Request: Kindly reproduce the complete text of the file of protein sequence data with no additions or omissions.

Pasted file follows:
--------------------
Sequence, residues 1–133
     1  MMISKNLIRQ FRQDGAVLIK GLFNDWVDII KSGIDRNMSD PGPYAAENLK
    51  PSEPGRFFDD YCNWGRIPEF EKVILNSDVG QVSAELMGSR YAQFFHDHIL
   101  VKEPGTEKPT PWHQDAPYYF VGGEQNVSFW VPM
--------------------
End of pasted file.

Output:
Sequence, residues 1–133
     1  MMISKNLIRQ FRQDGAVLIK GLFNDWVDII KSGIDRNMSD PGPYAAENLK
    51  PSEPGRFFDD YCNWGRIPEF EKVILNSDVG QVSAELMGSR YAQFFHDHIL
   101  VKEPGTEKPT PWHQDAPYYF VGGEQNVSFW VPM